UNITED NATIONS (Reuters) – The United Nations received substantial offers of troops for Lebanon that may enable it to field an advance force of 3,500 in two weeks, despite France’s refusal to provide a large contingent.
“I would say the show is on the road,” said Mark Malloch Brown, the U.N. deputy secretary-general, after a meeting of more than 40 potential troop contributing nations on Thursday.
Deployments by Italy, Spain and Belgium, are key because they can move their forces into Lebanon quickly to meet the 15-day U.N. deadline for the advance contingent. All three nations are studying draft rules of engagement presented at the meeting, participants reported.
A U.N. Security Council resolution adopted on August 11 called for a truce and a peacekeeping force to help the Lebanese army supervise the pull-out of Israeli troops from the southern Lebanon after 34 days of fighting between Israel and Hizbollah guerrillas. Most fighting stopped on Monday.
The resolution, number 1701, authorised up to 13,000 well-armed troops to augment the 2,000-member U.N. force now in Lebanon, known as UNIFIL.
Germany and Denmark offered maritime and border patrols and Indonesia, Malaysia and Nepal, among others, offered ground troops, the participants said. The United States will aid in planning and logistical support, Alejandro Wolff, the deputy U.S. ambassador told reporters.
“We have it in quantitative terms but the issue is which battalions we can get there in the timeline required,” Malloch Brown told reporters. “Are they the right battalions with the right skills and equipment?”
French President Jacques Chirac said he would dispatch only 200 army engineers in addition to the 200 already part of UNIFIL, which is commanded by a French general. He said 1,700 troops were offshore but would not be put under U.N. command. France had been expected to be the backbone of the force.
“We had hoped — we make no secret of it — that there would be a stronger French contribution,” Malloch Brown said. “Others have come forward and we are pretty convinced we’ve got the elements here of a strong force.”
France’s hesitation has confused U.N. officials. On Wednesday, French Defence Minister Michele Alliot-Marie criticised the mandate of the force, which France wrote in drafting the August 11 resolution. She also objected to troops coming under U.N. control — another provision Paris had insisted on to meet Lebanese demands.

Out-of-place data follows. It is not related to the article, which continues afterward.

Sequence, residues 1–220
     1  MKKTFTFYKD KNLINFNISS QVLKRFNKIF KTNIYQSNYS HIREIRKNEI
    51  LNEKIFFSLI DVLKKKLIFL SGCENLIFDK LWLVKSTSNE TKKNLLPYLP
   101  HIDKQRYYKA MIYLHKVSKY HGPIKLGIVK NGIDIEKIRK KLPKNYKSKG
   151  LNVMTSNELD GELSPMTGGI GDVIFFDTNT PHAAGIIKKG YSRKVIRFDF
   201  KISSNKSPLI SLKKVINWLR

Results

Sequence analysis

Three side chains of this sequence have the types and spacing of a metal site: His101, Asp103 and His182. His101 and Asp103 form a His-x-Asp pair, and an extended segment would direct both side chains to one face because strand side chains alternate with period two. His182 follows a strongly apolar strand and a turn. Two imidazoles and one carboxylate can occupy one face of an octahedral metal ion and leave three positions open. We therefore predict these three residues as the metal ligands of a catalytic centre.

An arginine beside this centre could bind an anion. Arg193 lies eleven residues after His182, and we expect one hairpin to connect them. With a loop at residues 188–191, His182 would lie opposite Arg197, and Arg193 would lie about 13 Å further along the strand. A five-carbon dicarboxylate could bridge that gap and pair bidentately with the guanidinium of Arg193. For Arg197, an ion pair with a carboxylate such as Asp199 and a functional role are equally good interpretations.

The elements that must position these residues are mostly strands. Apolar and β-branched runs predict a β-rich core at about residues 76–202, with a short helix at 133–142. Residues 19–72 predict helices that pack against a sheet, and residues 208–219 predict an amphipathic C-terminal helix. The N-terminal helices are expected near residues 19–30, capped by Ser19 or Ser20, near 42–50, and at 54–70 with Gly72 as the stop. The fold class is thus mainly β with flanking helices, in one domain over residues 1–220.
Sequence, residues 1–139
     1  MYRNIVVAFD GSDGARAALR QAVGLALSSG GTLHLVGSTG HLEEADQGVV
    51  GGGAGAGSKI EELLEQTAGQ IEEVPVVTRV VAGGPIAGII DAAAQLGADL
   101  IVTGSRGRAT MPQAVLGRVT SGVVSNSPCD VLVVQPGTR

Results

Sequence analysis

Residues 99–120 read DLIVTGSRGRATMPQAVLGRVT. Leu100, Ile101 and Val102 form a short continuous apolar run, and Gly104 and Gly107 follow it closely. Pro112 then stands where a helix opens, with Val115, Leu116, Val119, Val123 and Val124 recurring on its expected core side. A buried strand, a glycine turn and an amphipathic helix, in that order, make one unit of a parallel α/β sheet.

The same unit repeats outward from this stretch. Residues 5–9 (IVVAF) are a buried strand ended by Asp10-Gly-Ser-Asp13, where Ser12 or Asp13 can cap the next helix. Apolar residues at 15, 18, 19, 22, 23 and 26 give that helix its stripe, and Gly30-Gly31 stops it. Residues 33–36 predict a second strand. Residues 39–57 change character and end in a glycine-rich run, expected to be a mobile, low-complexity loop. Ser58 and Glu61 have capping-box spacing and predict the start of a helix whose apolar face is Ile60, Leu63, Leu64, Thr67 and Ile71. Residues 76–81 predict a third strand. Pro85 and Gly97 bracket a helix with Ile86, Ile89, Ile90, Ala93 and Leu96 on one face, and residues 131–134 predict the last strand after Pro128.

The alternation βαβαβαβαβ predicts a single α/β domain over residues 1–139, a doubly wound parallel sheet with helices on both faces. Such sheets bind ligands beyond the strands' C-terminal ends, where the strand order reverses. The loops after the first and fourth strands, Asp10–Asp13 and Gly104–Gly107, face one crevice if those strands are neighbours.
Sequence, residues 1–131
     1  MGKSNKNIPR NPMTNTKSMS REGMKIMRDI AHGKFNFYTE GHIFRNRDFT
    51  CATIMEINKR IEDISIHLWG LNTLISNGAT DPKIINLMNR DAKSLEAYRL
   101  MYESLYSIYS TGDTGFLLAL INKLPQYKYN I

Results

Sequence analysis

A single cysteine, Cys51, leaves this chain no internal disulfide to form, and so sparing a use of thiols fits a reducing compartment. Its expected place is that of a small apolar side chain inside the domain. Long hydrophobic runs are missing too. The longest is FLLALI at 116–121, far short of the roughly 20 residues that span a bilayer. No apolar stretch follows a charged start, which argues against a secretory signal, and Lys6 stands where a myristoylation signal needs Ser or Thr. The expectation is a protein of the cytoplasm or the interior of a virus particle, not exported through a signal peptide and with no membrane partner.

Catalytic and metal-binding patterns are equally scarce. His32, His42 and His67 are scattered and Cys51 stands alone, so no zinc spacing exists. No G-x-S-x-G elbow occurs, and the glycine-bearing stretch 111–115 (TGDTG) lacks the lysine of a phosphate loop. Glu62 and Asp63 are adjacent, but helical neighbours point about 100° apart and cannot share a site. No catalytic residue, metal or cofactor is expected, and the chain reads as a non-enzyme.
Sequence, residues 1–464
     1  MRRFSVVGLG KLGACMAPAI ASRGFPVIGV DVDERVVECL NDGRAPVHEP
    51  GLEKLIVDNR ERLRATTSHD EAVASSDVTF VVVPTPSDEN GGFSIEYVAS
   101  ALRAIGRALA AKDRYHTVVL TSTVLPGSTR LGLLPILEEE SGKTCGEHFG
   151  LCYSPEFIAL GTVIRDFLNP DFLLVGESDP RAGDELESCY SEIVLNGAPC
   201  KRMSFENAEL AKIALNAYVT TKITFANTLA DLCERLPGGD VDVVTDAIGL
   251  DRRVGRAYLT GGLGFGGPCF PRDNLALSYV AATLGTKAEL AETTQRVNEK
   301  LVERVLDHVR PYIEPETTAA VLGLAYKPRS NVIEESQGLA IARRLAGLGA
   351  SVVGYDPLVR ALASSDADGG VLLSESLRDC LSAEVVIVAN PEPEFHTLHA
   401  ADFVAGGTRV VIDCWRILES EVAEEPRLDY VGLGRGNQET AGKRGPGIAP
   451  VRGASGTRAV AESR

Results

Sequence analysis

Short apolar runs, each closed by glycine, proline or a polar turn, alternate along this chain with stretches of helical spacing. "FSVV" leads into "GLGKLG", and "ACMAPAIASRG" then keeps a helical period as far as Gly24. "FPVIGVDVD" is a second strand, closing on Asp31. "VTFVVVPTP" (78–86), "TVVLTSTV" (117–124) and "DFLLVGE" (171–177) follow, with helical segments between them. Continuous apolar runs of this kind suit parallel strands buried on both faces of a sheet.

In Lebanon, the national army moved slowly into the south to take control of Hizbollah strongholds and linked up with U.N. peacekeepers already in Lebanon as Israeli forces pulled back.
Hizbollah fighters melted away as Lebanese troops crossed the Litani River, some 20 km (13 miles) from the Israeli border, to take over a region the army has not controlled for decades.
Dozens of people lined roads, waving red and white Lebanese flags and throwing rice and flowers in celebration.
More than 200,000 Lebanese refugees have returned to the shattered south without waiting for the Israelis to complete their pullout and despite unexploded munitions.
At least 1,110 people in Lebanon and 157 Israelis were killed in the conflict that erupted after Hizbollah captured two Israeli soldiers in a cross-border raid on July 12.
Malloch Brown said the U.N. force would not participate in large-scale disarmament. This, he said, had to be decided in an agreement between the Beirut government and the militia.
U.N. troops might encounter small groups trying to smuggle in arms or carry arms, he said.
“In those cases if they do not voluntarily disarm when confronted by our troops, and if they try to forcefully resist disarmament, then we will indeed employ force ourselves to disarm them.”
Germany’s U.N. Ambassador Thomas Matussek offered a border patrol, customs agents, aircraft and ships to prevent unauthorised arms from flowing into the country by land from Syria or by sea.
He would not give a figure for what he called a “substantial” offer until parliament approved the deployment.
Denmark offered three ships to patrol the coast.
Bangladesh offered two mechanised battalions, Indonesia a mechanised infantry battalion and an engineering company and Malaysia and Nepal each offered a mechanised battalion, participants in the meeting reported.
A battalion is usually between 600 and 800 troops.